It's a little premature to say Jay Nolly has been the Vancouver Whitecaps' free-agent catch of the off-season. Then again, the dude did win a Big 10 title with Indiana University's bass fishing club in his sophomore year.
No joke. He's even got a commemorative championship jersey -- complete with name patch -- to prove it. Plus, who's going to lie about something like that.
But while B.C. is renown for its angling, the Whitecaps goaltender is making a name for himself on the pitch rather than on the province's lakes and streams -- although he can be found there too, when not playing, travelling or practicing with the United Soccer Leagues First Division club. Nolly hasn't allowed a goal since taking over in net from Serge Djekanovic three games ago, helping Vancouver (6-2-1) to top spot in the 11-team league just past the season's quarter mark.
"You never expect a start like that, but that's always what the goal is so it was good it worked out that way," said Nolly, who will look to keep his shutout streak intact when the Whitecaps play host to the Portland Timbers on Saturday at Swangard Stadium. "Defence wasn't really what we were going out to do, coach has been pushing offence and scoring and all of us behind took it upon ourselves to get the zeros."
Hailing from Littleton, a town nestled in Colorado's Rocky Mountains and surrounded by winding rocky streams chock full of trout, Nolly learned the art of fly fishing at an early age.
"It's something I did with my mom and brothers, we were always outdoorsy people," said the 26-year-old, who was named the league's top goalie for his efforts in a par of road victories last week. "It just stuck with me."
Nolly started the season backing up Djekanovic, but was given the opportunity to take the starter's role after the Whitecaps dropped a 2-0 decision at home on May 23. It was Vancouver's last loss.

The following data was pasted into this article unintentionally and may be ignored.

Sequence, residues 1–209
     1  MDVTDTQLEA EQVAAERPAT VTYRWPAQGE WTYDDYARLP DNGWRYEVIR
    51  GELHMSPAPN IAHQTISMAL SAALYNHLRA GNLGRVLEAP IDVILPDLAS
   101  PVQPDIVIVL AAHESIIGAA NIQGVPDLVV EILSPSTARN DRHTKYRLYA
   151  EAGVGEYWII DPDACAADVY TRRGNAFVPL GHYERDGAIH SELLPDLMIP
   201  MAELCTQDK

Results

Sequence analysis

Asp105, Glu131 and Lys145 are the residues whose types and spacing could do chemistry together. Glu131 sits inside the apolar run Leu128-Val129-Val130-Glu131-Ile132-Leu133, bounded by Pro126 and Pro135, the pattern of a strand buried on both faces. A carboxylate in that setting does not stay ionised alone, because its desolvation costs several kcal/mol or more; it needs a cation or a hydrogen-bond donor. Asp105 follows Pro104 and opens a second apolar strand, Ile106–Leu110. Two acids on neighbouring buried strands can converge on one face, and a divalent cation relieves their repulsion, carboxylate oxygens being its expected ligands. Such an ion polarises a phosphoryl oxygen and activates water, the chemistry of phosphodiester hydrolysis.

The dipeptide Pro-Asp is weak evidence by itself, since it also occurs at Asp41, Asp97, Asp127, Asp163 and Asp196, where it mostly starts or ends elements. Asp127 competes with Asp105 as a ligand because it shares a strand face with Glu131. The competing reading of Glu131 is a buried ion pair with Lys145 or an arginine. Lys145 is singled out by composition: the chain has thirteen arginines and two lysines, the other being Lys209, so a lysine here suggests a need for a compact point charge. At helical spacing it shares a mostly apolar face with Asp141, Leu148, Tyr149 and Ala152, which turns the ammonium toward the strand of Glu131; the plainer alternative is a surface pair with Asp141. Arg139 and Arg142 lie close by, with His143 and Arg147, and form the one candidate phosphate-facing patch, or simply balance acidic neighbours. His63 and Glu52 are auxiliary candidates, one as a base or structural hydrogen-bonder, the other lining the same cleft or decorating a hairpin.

"It was a rough start to the season, both of us wanted the position, but I just kept pushing forward," said Nolly. "Now I'm in this position, I'm not ready to give it up. It's the mindset we both have and the team is better for it."
The Whitecaps sit two points up on the Charleston Battery (9-5-2) and three points up on the Timbers, but have yet to find their groove at home where the team is 2-2 with just a pair of goals scored. While Vancouver has had trouble offensively at Swangard, Portland has had trouble finding the back of the net period. The Timbers have been shut out in five of their last seven games.
"What's important now is that, even though we have been doing well, we need to be ready to play against Portland," said Whitecaps head coach Teitur Thordarson. "We want to have good performances and good wins at home."
Nolly came to Vancouver from Major League Soccer where he made one appearance as a starter with D.C. United last season. He played mostly with United's reserve team, posting two shutouts and 2-3-4 record. The 6-3, 208-pounder apprenticed for the professional game at Indiana where he stared in goal from 2001 to 2004, earning several individual honours and backstopping the Hoosiers to NCAA Division I championships in 2003 and 2004.
While he refuses to consider himself as a two-sport athlete -- "fishing isn't a sport" -- fishing and tending goal do have parallels. "Fishing is a big mental sport, especially fly fishing, there's so many variables," says the laid-back Nolly. "You have to be focused all the time and being a goalie, I'm back there solo, so I have to stay focused. I think it helps."
GOAL DUST: Whitecaps midfielder Jeff Clarke and left fullback Takashi Hirano resumed training after injuries kept them from travelling with the team on its recent road trip. ... The Whitecaps women play Seattle in the first game of Saturday's double header at 4 p.m.
© The Vancouver Sun 2008